I have been working in the ER and felt like I had lost my own humanity.
I wanted to relearn how to think and talk.

[T]he discussions that occur in these groups are rejuvenating for providers; ultimately, if we are less depleted by our stressful work environments, we have more to give to our patients.

I was really burned out and I was feeling like I was at the point of leaving oncology. And there was one story in particular (My Own Country by Abraham Verghese) about an AIDS patient and the doctor feeling like he had nothing to offer and sometimes we feel like we don’t have anything to offer. That is how I felt. Now I feel connected and feel like I’m not so alone and I really needed that. I feel like this group has probably kept me in oncology, and I have been able to share when I see others go through these burn out symptoms.

I think discussing these issues is such an important way to prevent burnout, enhance relationships, and enhance care because of self-awareness.

The program can also affect the institution and its culture. A nurse reported that physicians in the group had developed new respect for her, transforming their working relationships. Another nurse noted that the seminars helped foster communication across the hierarchy of medical culture, which was much needed. A receptionist talked about how she realized that as the first person patients encounter upon entering the hospital, she could help set the tone of their experience. This realization helped her understand her important role as part of the health care team. This insight was validated by a Chief Medical Officer who called the program the best team building activity his hospital had ever had. An administrator in this hospital wrote:

Surgeons commune with nurses from our long-term care facility; secretaries speak with equal voice to administrators; laboratory technicians give their viewpoint to obstetricians. In short, [Literature & Medicine] has greatly improved communication among participating employees, and has also improved communication with patients.

Many medical and nursing schools are turning to literature to help their students develop the human competencies that they will need to better comprehend illness and treatment from patients’ points of view. Literature & Medicine uses literature to offer a diverse group of practicing health care professionals, who typically have not had the benefit of these recent approaches, the opportunity to develop their skills of narrative construction and interpretation, to expand their understanding of the human experience of illness and death, and their ability to communicate with their patients and colleagues. Thus, although Literature & Medicine is part of a larger movement, it is also unique. As the only national program for health care professionals, it is the only one that involves a heterogeneous mix of health care professionals, and the only one in an organizational and practice setting where there is potential to significantly influence the relationships among the participants, as well as with their patients.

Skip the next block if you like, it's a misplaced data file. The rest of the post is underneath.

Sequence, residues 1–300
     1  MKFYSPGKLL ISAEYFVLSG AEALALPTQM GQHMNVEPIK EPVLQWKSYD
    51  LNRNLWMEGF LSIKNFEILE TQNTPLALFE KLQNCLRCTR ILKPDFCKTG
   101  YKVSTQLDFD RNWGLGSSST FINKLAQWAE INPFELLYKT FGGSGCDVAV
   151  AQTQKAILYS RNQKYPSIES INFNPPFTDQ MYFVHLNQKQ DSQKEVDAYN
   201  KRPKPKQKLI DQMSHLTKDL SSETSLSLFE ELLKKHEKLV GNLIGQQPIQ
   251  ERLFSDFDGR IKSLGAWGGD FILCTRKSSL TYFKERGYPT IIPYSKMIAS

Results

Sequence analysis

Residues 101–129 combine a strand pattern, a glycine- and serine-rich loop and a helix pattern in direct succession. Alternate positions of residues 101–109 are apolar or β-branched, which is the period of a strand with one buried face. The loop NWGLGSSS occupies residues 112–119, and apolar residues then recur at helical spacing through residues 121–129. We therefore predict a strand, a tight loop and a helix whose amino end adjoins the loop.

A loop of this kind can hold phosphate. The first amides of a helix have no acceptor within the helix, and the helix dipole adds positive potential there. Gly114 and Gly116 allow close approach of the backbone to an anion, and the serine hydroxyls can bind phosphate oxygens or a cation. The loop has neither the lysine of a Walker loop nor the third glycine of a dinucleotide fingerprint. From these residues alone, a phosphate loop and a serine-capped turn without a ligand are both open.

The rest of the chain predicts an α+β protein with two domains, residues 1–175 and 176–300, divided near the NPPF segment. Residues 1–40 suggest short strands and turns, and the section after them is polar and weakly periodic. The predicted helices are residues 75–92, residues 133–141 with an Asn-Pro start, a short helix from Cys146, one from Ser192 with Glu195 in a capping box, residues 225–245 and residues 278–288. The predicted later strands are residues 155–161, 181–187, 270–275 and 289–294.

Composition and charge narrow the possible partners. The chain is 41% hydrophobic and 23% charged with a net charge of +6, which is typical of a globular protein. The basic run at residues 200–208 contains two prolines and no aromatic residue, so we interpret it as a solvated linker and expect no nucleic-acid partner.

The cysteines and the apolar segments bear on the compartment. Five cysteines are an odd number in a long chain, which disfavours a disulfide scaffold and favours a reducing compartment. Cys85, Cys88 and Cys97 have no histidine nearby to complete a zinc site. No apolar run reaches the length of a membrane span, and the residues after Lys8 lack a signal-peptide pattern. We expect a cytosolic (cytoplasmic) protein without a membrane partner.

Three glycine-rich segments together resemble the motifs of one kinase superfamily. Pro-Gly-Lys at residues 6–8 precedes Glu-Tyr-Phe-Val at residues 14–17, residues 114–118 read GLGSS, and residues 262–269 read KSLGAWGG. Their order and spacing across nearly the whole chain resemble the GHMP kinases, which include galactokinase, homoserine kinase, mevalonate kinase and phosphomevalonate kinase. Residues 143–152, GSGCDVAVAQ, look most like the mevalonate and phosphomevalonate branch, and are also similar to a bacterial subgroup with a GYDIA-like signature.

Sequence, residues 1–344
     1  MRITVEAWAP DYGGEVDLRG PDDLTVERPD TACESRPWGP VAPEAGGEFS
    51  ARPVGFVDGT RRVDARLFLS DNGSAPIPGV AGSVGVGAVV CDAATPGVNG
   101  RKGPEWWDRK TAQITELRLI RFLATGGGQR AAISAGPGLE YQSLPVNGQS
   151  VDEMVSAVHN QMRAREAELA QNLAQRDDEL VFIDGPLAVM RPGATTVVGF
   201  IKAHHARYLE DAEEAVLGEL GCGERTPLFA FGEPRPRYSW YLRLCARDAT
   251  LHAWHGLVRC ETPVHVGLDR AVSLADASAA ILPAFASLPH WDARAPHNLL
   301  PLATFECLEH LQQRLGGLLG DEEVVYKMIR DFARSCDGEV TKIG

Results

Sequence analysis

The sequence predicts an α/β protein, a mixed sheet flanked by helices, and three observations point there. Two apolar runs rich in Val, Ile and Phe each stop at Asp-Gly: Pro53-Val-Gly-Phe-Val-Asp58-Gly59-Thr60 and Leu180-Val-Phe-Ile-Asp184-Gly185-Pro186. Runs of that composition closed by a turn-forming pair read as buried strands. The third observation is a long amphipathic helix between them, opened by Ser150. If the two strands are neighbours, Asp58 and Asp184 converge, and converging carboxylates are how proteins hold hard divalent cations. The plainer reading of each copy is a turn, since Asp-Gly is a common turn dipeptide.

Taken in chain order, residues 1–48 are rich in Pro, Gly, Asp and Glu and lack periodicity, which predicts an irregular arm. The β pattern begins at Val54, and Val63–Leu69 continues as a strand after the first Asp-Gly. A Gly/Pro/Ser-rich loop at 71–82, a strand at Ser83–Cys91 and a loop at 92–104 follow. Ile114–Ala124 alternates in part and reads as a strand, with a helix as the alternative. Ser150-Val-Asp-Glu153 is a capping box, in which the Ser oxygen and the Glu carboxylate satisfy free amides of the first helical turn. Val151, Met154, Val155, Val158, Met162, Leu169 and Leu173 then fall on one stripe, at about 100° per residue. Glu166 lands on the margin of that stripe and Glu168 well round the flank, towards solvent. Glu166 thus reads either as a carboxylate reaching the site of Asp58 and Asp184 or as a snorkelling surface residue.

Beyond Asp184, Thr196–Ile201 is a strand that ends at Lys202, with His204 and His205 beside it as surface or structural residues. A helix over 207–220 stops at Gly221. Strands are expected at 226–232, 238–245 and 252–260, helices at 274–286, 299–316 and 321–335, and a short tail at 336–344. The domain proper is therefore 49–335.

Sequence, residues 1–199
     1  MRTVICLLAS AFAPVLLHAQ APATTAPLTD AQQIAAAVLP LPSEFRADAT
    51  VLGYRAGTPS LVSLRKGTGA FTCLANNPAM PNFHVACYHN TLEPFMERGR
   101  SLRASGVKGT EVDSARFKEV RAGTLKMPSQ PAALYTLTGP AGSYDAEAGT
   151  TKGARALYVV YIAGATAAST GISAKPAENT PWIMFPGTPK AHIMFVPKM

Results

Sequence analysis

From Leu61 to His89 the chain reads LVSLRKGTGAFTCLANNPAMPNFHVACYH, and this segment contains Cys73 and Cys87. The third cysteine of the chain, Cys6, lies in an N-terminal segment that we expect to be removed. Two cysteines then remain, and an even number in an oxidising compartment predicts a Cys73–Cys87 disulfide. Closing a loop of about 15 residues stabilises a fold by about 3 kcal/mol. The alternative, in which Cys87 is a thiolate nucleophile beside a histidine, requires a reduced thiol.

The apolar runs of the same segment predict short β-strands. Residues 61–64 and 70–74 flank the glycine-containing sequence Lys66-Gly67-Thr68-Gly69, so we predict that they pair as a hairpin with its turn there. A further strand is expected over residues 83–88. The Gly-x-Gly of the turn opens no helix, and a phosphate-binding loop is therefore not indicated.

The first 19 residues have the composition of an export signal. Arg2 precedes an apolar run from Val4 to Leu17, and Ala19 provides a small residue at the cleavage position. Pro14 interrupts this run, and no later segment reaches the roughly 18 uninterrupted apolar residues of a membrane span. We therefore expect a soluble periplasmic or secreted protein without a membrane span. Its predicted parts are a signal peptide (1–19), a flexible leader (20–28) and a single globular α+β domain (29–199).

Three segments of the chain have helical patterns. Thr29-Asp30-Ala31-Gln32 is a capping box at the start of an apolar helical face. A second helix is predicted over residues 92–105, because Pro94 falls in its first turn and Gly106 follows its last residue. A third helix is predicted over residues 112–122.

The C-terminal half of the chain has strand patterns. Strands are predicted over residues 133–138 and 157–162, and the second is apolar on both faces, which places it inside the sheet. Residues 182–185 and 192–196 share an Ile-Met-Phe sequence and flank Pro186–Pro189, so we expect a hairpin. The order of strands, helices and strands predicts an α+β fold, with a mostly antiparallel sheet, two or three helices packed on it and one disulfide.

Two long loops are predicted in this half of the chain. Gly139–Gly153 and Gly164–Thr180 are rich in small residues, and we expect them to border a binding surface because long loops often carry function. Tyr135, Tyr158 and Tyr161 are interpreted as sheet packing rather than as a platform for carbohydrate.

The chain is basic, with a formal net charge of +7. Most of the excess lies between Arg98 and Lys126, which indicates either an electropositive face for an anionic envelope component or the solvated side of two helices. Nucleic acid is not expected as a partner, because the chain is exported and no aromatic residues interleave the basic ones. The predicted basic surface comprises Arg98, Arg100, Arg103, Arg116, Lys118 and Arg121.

1. Dr. Bruce Clary, from the Muskie School of Public Service at the University of Southern Maine, developed and implemented an evaluation based on the Kellogg Foundation’s logic model. A combination of interviews, observations, document review, surveys, focus group results and case studies yields a complex picture of the outcomes and impacts of Literature & Medicine. His most recent report (November, 2008 at
    http://mainehumanities.org/programs/litandmed/documents/Lit-Med-Eval-Final-Report.pdf) analyzes the results of an evaluation of 1,012 participants, from Fall 2005 to Spring 2008. As the Executive Summary states, “[T]he program has had a consistent and positive impact on participants . . . . Evaluation outcomes significantly reflect the basic program goals for participating individuals: increased empathy for patients, greater cultural awareness, improved interpersonal relations, better communication and more job satisfaction. . . . In reflecting on these outcomes, it is noteworthy the impact that the Program has had on empathy toward patients and other caregivers. This dimension encompasses elements of personal and professional growth that is not easily taught through training and development workshops. . . . Further, measurable gains were made in the area of cultural awareness. Issues related to diversity in the workplace have proven to be difficult organizational challenges, not just in the medical, but all fields. The approach used by the Program should be seriously examined by health organizations as a way to increase understanding and communication in diverse employment settings.” (Emphasis added.)


VICTORIA BONEBAKKER has been the Associate Director of the Maine Humanities Council since 1997 and was the founder of the Literature & Medicine program in Maine. She has served as project director since then, working in close collaboration with her colleague, Elizabeth Sinclair, and, as the program has spread, with staff at other humanities councils across the country.

For more information about Literature & Medicine, please refer to the web site:


Highlighted in Frontispiece Fall 2009- Volume 1, Issue 5
Fall 2009  |  Sections  |  Literary Essays